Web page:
03 Feb Dear Medical Designer
“Learning to Design is Learning to See”
This blogpost was created for a class I am teaching to the entire 1st year medical student class at the University of Michigan as part of the leadership curriculum later this month. This is required reading and homework (see accompanying google form) for the students, however I would welcome insights from anyone willing to “see like a designer”!
Hello First Year Medical Students!
“You may not have realized this but you are all designers!”
As healthcare professionals you will be designing the healthcare experiences of your patients and caregivers on a daily basis. Therefore, it is critical that you learn how to “see” like a designer. (FYI: Seeing like a designer has nothing to do with wearing a black turtleneck and designer glasses. It’s a mindset.)
I started on my design journey a couple of years ago, and along the way I have been learning from many talented designers, including Jan Chipchase, who leads Studio D Radiodurans. He and his team conduct design research across the globe to develop a deep understanding of human behaviors, providing insights that can be used to inspire current and future innovations in service and product design. He describes himself as a “professional observer of the ordinary,” noticing things that most people take for granted.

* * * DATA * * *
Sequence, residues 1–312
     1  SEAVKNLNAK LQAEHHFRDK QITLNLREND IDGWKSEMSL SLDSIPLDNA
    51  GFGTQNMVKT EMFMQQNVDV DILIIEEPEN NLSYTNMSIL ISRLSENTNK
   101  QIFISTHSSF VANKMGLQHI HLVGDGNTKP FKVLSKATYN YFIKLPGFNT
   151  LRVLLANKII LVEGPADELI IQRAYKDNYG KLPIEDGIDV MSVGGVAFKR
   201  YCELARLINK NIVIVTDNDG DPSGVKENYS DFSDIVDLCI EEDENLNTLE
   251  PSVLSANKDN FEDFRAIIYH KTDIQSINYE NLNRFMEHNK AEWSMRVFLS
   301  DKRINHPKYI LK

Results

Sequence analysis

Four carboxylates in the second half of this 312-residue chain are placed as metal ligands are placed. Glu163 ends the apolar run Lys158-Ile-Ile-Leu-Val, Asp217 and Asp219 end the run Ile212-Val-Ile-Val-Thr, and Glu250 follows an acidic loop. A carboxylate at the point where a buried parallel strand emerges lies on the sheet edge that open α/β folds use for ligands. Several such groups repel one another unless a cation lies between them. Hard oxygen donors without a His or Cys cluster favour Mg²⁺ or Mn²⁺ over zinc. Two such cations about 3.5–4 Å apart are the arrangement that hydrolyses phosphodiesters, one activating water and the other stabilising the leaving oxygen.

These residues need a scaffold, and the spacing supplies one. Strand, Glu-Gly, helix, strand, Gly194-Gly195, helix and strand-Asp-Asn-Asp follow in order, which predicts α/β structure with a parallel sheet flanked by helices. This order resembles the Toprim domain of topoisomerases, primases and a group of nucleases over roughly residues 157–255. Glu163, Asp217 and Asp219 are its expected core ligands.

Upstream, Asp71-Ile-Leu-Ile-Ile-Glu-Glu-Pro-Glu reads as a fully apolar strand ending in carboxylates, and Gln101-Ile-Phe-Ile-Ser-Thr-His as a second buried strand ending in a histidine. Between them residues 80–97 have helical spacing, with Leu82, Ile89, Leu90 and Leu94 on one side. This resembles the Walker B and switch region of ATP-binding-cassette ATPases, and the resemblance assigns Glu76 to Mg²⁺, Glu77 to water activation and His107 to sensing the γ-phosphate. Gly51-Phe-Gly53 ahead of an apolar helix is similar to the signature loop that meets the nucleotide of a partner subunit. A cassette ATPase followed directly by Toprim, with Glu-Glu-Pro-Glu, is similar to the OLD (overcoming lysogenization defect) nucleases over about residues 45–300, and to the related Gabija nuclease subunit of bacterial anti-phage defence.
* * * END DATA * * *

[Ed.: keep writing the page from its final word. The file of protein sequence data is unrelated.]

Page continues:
For example, on an ordinary day, you might pass a car with this numeric artifact in the window without even giving it a second thought.
Watch this talk by Chipchase to understand the purpose and the cultural and contextual significance of a seemingly unremarkable artifact.
For more examples of “seeing” beyond the video, check out additional photographs and insights on his blog.
Now let’s think about artifacts you might encounter in healthcare. If you are in the diabetes clinic, you might not bat an eye at the artifacts you see below in the figure.
Figure 1A shows a typical written log brought in by patients during their visit to the endocrinologist;
Figure 1B shows a drawer full of cords that the Medical Staff must use to download blood sugars from a blood glucose meter or pump;
Figure 1C shows a computer screenshot during the meter/pump downloading process;
Figure 1D is a picture of a sign on the wall of the room where the meters and pumps are downloaded, indicating which blood sugar printouts with glucose visualizations might be useful.
What do these artifacts tell you about the current state of diabetes care? Please share your design observations and insights with me.